The news that Ben Affleck is starring in and writing (and possibly directing) his own stand-alone Batman film won’t come as a surprise to most. Rumours have abounded that he had written his own script since even before he made his debut in Batman v Superman: Dawn of Justice.
Most fans and nearly all critics were disappointed by what was essentially a confused and muddled Man of Steel 2 with Batman shoe-horned in for good measure. Next to a universal panning of the film there was near universal acclaim for the casting of Affleck as Bruce Wayne and his alter ego, which he pulled off with natural aplomb.
Like Daniel Craig in the years before the release of Casino Royale, Affleck got a cyberspace savaging about the appropriateness of the casting choice with most citing 2003’s nowhere-near-as-bad-as-they-remember Daredevil as the source of their acrimony.
Yet Affleck gets a tough time anyway and usually lives in the shadow of his friend Matt Damon. If Damon had never existed then neither would Affleck. Or so they say. Although both men shot to success with 1997’s Good Will Hunting (for which they both won an Academy Award for Best Original Screenplay), it’s Damon who is considered the breakout success likely because he was in the starring role.
The issue was compounded because Affleck struggled to compete with his friend’s early success. Only recently, beginning with 2007’s Gone Baby Gone, has Affleck found a winning streak. He won his second Academy Award for directing and starring in 2012’s Argo, garnered widespread critical acclaim in 2014’s Gone Girl and his role as Batman in 2016 was critically praised.
There is something apt then about Affleck playing an older, world-weary Bruce Wayne. There is also something infinitely enticing about a fine actor, but an even better director, taking control of his own superhero film when he creates critically lauded films as long as he is his own boss directing them.
Psychologists might dub Zack Snyder’s decision to have a long-dead Robin in Dawn of Justice as a metaphoric snub to those that have determined Affleck is the junior of the Matt and Ben story. Affleck, with creative control, could very find a natural home with Batman in the same way Damon found success with the Bourne series. No other live-action iteration of Wayne/Batman has ever looked like so much like the character from the comics. Certainly no other has actor has so successfully carried the handsome playboy-look in similitude with a Batman costume that makes you believe he really could take down ‘two-dozen hostiles’ ferociously, skilfully and brutally.
The only other series and the only other actor to do so is Kevin Conroy. For an entire generation, he is the definitive voice of the eponymous Batman in Batman: The Animated Series and more recently the Arkham game series. With Affleck’s record as a noted director and screenwriter, as well as his long-time association with director and Batman aficionado Kevin Smith, there is no real possibility of a live-action version of Batman that is true to its source material.
Full creative autonomy, as well as creative influences from Batman fans like Smith, would give Affleck licence to make his own Batman that could very well give audiences a Batman more akin to the comic books. While the Christopher Nolan Dark Knight series is rightly considered a masterpiece and Tim Burton’s 1989 Batman an inaugural demonstration of how seismic a Batman film could be neither film series was a faithful adaptation of the comic in the same way 1979’s Superman was.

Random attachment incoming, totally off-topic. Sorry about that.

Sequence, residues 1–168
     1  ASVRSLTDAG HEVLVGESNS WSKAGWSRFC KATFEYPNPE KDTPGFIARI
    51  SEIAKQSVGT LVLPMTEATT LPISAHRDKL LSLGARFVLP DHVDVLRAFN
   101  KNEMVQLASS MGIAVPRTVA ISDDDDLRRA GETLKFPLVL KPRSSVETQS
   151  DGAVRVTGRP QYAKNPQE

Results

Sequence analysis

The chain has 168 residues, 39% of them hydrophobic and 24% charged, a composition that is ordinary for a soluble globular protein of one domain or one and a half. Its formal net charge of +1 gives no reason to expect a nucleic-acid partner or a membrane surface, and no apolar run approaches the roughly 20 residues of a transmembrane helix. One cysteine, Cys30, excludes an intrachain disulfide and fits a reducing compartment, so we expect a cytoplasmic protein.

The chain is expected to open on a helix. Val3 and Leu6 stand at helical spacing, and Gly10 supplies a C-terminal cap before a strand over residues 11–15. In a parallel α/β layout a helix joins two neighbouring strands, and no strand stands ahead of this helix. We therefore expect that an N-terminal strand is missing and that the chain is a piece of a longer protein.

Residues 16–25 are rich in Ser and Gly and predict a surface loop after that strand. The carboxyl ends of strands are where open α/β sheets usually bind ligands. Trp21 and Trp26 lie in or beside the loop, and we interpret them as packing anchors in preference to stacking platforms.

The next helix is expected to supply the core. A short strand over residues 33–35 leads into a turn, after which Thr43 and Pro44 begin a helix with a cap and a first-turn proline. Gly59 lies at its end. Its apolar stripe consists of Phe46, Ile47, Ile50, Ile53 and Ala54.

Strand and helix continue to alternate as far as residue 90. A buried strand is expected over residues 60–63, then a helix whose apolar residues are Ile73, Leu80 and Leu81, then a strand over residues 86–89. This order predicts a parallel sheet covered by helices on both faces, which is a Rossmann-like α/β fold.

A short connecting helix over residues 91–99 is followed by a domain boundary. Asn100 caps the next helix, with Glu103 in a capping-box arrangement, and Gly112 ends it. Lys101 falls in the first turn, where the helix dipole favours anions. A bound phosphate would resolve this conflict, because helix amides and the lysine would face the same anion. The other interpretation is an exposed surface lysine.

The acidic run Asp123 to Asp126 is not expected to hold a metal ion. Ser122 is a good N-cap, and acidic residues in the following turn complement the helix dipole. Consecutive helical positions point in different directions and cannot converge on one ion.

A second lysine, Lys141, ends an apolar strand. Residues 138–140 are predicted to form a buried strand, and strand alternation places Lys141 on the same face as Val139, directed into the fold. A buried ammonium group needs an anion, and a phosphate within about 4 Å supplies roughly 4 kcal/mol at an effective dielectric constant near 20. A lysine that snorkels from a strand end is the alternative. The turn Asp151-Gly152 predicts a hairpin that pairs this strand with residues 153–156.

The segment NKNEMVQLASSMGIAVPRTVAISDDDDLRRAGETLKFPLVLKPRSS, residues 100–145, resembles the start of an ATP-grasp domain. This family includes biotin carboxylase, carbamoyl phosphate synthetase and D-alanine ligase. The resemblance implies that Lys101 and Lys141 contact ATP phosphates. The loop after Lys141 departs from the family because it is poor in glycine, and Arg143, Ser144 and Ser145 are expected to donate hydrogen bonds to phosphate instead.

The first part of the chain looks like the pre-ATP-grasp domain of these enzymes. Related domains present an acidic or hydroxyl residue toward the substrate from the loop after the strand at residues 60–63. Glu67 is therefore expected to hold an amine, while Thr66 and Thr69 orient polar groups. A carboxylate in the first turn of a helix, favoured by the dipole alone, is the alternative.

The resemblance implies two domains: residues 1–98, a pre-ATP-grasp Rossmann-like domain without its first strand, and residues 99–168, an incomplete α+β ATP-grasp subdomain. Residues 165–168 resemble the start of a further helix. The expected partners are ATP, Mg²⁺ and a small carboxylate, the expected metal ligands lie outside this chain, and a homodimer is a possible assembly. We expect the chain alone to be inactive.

The surprise breakout success of 2016’s Deadpool has confirmed that audience appetites are wanting a story which is true to itself. Critically, the superhero genre is moving away from the gritty realism of the Nolan-era and into more faithful adaptions of the original material.
The mistake that a Warner Bros. and an Affleck film shouldn’t make is to conflate a love of Deadpool’s violence and humour with audiences wanting more of that in DC films. Marvel films have not made this error and the results are telling. They remain dominant in the superhero genre precisely because they have adapted cinema to tell the stories of comics rather than trying to adapt comics to the real world.
There is tremendous scope to explore who Batman who is in the comics without the rigmarole of another origin story. In fairness to Snyder, he has been brave in establishing two decades worth of backstory for this world-weary Bat and now it’s time to explore it all without all those cliched first introductions to villains and characters we’ve met plenty of times in the last 70 years.
A significant problem with Batman v Superman is that many of the plot points and supposed easter eggs had to be explained at press junkets because they were used as an enticing backdrop in the film but never accounted for. Why is Robin dead, why is Wayne Manor abandoned and just what happened to make this Batman more brutal? To name a few.
In this respect, Affleck has his job cut out for him to unravel the gordian knot of Snyder’s attempt. To put it another way, the prospect of Argo meets a Batman that combines the Snyder visuals with a story which is true to its source material is a palpable optimism. It also gives rise, given Affleck’s age, to the very real prospect that in ten or so years someone will make The Dark Knight Returns and not just a cheap homage like Dawn of Justice.
Until then, it’s up to Affleck to lay the groundwork, to move the character away from the ensemble-driven mess of the Snyder world and give some meaning to a character that is at risk of being underdeveloped.
If the ‘sad Affleck’ meme encapsulated the criticism of Batman v Superman then we should also take solace that the film cast him perfectly. If Affleck remembers he was guilty-by-association to Dawn of Justice, but embraces the praise for his iteration of the Dark Knight, then fans might finally get the hero they deserve (and the one it needs right now).